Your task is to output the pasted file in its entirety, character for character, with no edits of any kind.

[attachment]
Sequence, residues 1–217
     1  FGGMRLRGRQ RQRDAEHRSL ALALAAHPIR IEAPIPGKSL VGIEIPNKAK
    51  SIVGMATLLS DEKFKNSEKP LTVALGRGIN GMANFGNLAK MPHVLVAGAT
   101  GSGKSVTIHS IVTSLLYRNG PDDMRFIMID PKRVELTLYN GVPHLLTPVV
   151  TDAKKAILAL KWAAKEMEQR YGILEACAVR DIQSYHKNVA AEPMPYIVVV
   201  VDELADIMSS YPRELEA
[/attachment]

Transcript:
Sequence, residues 1–217
     1  FGGMRLRGRQ RQRDAEHRSL ALALAAHPIR IEAPIPGKSL VGIEIPNKAK
    51  SIVGMATLLS DEKFKNSEKP LTVALGRGIN GMANFGNLAK MPHVLVAGAT
   101  GSGKSVTIHS IVTSLLYRNG PDDMRFIMID PKRVELTLYN GVPHLLTPVV
   151  TDAKKAILAL KWAAKEMEQR YGILEACAVR DIQSYHKNVA AEPMPYIVVV
   201  VDELADIMSS YPRELEA